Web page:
My friends in Milan suggested that I visit the old Roman Bridge of Tiberius on my way to San Marino, so when the train pulled into Rimini station on time, I decided to take a later bus up to the small state west of Rimini, discovered that the bridge was not far, and walked to the Marecchia river. Once called the Ariminus, which also lent its name to the popular sea-side city of Rimini, it flows north-east from Tuscany; when I reached it, I turned left (south-west), descended the stairway, and walked along the river from there. Behind a more modern bridge, I could already see the arches of the 2,000 year old Roman Bridge of Tiberius.
It was Emperor August himself who started construction of the bridge, which was completed under the reign of Tiberius, in 20 CE. It has gained fame especially because it is still much like it was after completion - despite climate, earthquakes, floods, wars, and other factors that might normally defeat structures. Even the retreating German army, which managed to destroy all bridges over the Marecchia river, failed to also destroy the Bridge of Tiberius, despite using explosives: apparently, old quality never dies. Sure enough, when I got close to the bridge, it was easy to see even for a casual onlooker that this is a sturdy bridge indeed. Built in Istrian stone and marble, the Bridge of Tiberius is supported by five semi-circular arches. I walked past the bridge, down to the pool of the Marecchia river (which, as far as I could see, did not continue past here), and was now as close as I could get to the bridge.
I could now see the decorations on the face of the bridge, with tympanum and pillars. Walking around the pool, a frontal view of the bridge was unfortunately limited because of a fence; I continued walking to the other side, until I had reached the road running over the bridge. Even after all those years, the bridge is open, and bar heavy vehicles, can be used by motorized traffic as well. It is still used for its original purpose: linking the city centre and the suburb of Borgo San Giuliano. It originally linked Rimini to Piacenza on the Via Aemilia, and to Ravenna on the Popilius. The surface is now asphalt, so those driving over it might not even realize the rich history of the bridge. However, when you walk, you can see remnants of inscriptions on the inside of the bridge, indicating that August started building it, and Tiberius finished it; it is therefore sometimes also called the Bridge of August. Happy that I had followed the advice of my friends, I now walked right into the historic centre of Rimini where I had a yummy piadina before continuing to my destination of the day.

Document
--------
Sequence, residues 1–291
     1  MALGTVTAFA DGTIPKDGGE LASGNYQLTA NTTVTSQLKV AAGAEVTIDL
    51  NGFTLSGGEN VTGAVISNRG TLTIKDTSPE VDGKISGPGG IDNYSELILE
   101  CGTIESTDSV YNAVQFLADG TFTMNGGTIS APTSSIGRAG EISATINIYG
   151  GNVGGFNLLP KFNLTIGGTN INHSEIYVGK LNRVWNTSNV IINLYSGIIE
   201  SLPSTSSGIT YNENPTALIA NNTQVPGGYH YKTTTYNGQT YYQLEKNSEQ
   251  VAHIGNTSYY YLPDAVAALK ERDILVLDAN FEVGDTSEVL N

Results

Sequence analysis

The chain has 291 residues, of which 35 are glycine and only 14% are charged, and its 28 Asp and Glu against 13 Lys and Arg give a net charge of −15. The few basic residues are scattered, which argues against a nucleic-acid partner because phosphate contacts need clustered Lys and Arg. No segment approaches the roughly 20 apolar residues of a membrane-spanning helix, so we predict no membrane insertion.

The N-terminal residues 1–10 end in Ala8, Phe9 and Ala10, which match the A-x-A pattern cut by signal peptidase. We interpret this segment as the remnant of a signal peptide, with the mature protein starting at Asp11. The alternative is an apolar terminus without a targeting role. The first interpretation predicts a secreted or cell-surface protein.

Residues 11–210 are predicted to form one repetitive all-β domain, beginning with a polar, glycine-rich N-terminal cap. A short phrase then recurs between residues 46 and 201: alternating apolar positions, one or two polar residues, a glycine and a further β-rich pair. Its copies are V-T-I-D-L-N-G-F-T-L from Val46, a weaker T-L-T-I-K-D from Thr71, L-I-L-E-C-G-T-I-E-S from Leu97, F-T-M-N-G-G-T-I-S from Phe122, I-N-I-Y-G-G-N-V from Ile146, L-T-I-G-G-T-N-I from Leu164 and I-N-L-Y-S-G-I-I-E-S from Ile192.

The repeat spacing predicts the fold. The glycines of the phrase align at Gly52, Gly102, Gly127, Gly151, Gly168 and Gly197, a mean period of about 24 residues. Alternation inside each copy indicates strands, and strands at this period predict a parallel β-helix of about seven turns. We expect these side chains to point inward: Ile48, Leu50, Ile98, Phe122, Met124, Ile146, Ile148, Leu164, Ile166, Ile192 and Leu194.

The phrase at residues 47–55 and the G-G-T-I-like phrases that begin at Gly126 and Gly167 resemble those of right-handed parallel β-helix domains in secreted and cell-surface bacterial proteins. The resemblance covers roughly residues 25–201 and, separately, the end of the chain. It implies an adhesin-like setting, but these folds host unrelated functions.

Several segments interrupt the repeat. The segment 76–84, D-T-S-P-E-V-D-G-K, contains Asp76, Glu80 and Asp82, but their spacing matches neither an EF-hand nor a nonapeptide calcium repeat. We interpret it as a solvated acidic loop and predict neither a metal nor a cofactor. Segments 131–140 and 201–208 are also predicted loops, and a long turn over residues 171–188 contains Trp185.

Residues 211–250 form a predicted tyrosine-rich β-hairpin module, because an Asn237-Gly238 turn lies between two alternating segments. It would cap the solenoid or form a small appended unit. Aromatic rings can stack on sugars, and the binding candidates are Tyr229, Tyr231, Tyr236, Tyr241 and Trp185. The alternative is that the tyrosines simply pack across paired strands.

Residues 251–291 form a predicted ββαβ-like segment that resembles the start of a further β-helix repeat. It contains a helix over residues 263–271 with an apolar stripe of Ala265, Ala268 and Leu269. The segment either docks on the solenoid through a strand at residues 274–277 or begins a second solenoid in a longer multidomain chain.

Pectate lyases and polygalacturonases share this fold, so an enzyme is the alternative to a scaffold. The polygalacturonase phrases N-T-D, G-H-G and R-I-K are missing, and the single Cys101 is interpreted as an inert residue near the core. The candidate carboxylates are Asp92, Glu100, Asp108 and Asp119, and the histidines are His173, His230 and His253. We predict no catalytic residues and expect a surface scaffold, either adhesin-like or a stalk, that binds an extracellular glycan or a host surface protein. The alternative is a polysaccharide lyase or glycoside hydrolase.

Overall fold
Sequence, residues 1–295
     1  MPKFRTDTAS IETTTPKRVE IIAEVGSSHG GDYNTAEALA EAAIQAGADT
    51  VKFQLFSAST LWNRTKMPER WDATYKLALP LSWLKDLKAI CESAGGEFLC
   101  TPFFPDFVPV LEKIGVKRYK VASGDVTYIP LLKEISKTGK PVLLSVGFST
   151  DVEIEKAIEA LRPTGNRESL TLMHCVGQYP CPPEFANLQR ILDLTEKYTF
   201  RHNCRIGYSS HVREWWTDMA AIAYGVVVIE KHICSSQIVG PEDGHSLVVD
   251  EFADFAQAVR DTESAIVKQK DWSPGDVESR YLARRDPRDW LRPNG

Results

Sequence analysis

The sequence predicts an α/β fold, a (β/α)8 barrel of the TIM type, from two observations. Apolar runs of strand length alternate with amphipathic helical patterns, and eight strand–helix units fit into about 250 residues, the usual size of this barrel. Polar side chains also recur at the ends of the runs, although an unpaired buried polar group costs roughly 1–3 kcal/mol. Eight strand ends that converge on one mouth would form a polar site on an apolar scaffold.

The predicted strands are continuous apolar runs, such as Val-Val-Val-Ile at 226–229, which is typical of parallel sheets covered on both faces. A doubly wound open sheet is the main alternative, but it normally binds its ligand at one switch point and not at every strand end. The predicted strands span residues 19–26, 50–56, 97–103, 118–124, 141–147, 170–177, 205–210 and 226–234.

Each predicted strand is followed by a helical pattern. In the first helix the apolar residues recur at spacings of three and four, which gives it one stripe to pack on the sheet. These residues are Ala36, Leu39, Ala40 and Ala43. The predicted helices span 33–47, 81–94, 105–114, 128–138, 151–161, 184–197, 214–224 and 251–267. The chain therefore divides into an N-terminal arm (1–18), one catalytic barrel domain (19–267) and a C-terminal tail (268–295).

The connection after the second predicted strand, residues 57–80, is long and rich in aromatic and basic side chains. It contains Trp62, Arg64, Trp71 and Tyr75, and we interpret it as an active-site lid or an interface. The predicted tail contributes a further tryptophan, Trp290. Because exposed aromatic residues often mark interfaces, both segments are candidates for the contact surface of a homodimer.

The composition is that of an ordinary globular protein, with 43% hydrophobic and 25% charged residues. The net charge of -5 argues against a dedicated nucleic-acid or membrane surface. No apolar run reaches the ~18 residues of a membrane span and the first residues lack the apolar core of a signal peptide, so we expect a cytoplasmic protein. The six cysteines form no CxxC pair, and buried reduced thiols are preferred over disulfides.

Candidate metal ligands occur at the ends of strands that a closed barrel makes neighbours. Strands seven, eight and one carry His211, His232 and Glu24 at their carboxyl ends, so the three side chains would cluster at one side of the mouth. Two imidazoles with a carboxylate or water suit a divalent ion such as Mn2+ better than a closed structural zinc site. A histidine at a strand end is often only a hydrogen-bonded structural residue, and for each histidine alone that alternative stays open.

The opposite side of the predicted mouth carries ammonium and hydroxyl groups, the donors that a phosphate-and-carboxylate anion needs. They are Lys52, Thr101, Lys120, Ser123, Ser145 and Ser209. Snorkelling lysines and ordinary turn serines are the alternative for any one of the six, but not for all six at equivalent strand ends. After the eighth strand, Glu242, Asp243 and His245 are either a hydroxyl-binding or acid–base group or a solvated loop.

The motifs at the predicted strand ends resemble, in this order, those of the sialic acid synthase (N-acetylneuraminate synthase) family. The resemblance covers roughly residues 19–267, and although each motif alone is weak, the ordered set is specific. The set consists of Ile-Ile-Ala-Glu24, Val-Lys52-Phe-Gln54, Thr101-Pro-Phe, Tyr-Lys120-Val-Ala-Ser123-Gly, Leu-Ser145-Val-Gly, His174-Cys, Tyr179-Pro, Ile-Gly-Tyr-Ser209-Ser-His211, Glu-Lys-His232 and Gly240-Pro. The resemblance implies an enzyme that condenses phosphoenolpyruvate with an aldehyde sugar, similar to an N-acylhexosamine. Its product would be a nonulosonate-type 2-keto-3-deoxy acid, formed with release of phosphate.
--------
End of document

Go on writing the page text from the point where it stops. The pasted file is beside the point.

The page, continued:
Personal travel impressions both in words and images from Bridge of Tiberius (Italy). Clicking on the pictures enlarges them and enables you to send the picture as a free e-card or download it for personal use, for instance, on your weblog. Or click on the map above to visit more places close to Bridge of Tiberius.
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